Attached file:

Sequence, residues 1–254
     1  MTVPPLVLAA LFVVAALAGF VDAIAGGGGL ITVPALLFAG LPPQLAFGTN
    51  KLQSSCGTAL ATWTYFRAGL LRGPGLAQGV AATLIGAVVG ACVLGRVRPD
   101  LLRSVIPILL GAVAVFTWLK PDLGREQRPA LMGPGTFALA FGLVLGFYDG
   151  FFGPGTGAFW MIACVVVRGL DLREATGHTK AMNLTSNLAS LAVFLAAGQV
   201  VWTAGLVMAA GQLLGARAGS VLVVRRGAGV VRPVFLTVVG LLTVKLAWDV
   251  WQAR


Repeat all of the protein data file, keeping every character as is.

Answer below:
Sequence, residues 1–254
     1  MTVPPLVLAA LFVVAALAGF VDAIAGGGGL ITVPALLFAG LPPQLAFGTN
    51  KLQSSCGTAL ATWTYFRAGL LRGPGLAQGV AATLIGAVVG ACVLGRVRPD
   101  LLRSVIPILL GAVAVFTWLK PDLGREQRPA LMGPGTFALA FGLVLGFYDG
   151  FFGPGTGAFW MIACVVVRGL DLREATGHTK AMNLTSNLAS LAVFLAAGQV
   201  VWTAGLVMAA GQLLGARAGS VLVVRRGAGV VRPVFLTVVG LLTVKLAWDV
   251  WQAR